Laura is interested in David’s thoughts on open carry. I don’t personally like it but I’m not going to say that I would be a legislator who would be eager to revoke that law – David answers. John is unsure and says - if you can push for tighter regulations just on who gets to own a gun maybe open carry wouldn’t be so insane. I do agree with you though I don’t see it’s necessary unless you’ve got a Wild West zone or something. David continues - we do need universal background checks so that we have some certainty that the people who have firearms don’t have a violent past, mental instability issues, connections to organizations (that create) the type of problems that we saw in Charlottesville. Those types of people should not have guns. He thinks that would help a lot of us sleep easier, when we see someone carrying a firearm in public. John says he’s less worried about whether someone has a driver’s license than whether they know how to use a gun. Most people can figure out how to drive and don’t want to hit people, guns are a little trickier. Illinois just listed Nazi groups and White Nationalist groups as terrorist organizations. Would you seek to do the same in your own State David? I’ve long been a proponent of free speech and a free right to assembly … even when it’s uncomfortable – David replies, but I think we’ve reached the point where we have to. There are certain groups, such as the one we saw in (Charlottesville) and they just cannot be allowed to exist legally. There is no reason anyone should be able to legally be a member of the KKK group, and anyone who is promoting Nazi ideology - it’s the same. These are groups which exist for no other reason than to spew hatred and inspire violence, and when that’s the case they should not be allowed to exist. Well answered - says John, laughingly saying that these weren’t the questions he had said he was going to ask in the Green room ... so good job! I like questions – David smiles. As a teacher you should – John smiles back. Yes - says David.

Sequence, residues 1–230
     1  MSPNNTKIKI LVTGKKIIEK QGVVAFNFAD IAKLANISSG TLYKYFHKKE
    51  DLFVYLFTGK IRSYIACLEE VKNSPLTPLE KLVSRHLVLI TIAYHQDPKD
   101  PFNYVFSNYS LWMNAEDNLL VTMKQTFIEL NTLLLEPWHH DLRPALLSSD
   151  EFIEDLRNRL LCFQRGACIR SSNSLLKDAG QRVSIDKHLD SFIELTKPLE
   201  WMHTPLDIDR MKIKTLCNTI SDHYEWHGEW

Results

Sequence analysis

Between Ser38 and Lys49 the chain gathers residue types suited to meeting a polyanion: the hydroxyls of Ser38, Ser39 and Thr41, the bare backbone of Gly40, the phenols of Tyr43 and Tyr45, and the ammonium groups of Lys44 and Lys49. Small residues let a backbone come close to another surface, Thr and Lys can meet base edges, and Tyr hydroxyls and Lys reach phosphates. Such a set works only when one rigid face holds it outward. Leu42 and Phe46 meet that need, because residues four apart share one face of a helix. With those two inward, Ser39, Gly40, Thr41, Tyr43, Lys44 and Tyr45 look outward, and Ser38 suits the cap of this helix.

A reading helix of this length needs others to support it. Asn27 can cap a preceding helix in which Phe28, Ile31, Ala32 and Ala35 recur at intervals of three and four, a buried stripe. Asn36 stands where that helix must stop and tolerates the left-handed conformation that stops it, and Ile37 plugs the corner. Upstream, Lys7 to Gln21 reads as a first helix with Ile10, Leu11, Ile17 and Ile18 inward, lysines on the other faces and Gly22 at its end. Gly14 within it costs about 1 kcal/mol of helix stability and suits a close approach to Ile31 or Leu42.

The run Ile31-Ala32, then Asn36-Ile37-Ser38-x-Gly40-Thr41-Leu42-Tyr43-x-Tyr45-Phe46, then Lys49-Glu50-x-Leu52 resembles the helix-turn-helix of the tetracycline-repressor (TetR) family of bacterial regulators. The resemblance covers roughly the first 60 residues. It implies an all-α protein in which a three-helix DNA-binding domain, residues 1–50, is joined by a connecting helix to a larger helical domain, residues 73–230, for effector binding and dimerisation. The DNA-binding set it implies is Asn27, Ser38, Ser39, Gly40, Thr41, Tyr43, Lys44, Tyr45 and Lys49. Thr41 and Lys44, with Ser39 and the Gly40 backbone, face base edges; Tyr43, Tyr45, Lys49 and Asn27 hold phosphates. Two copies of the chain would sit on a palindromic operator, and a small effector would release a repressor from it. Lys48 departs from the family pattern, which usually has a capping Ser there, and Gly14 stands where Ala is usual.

They move on. Where do you think the statues, the Confederate monuments should go? In a museum, be melted down, left as they are … - John asks? I think that there are a lot of those monuments and particularly ones that are glorifying things such as the Confederate war that have to be taken out of those communities because they cause nothing other than problems – David replies. They exist for no other reason than to glorify people who were promoting awful ideologies. He thinks that a lot of those monuments probably should be saved in museums. As a historian, one of the areas I teach is public history … which is about how to use history to educate the public, rather than just having one set of academics talking to another set of academics. It is about how to use history in public settings. There are really controversial and often difficult monuments that can be turned into platforms for us to have multi-cultural discussions, for us to learn more about other people who have had different experiences than us and who have been oppressed throughout our Nation’s history. This is absolutely the case, but I think we have to be really careful. They need to be removed from places of prominent display in our public settings where they are center of communities, but if we treat them as textbooks essentially we can use them to inspire greater cooperation and greater understanding and hopefully some sense of community from the different groups. John speaks about the white-washed history books he had as he grew up and wonders what to do about that, given - as he says, that our history is not accurate. I don’t know about college level books these days - he says, but I know that my junior high and high-school level history books were not telling the truth. How do we fix that? Do we need to revise our history, to be honest about it? Well – David says, without delving into the alternative truths mire, they are not necessarily false when they are giving a completely one-sided history and ignoring everyone else’s reality. We need to recognize in these history books that there are a lot of different types of people, a lot of different communities and there are some people who have been oppressed and who have suffered hatred and violence at the hands of other groups of people. Slavery was real. The genocide of Native Americans was real. We need to come to grips with those problems in our past if we are ever going to have any understanding about the legacy that we are dealing with today. That’s a huge, huge statement right there – says John, because that is something that I think America has not really done and what is happening right now is that we’re coming face-to-face with that same past that we’ve refused to look at. They agree.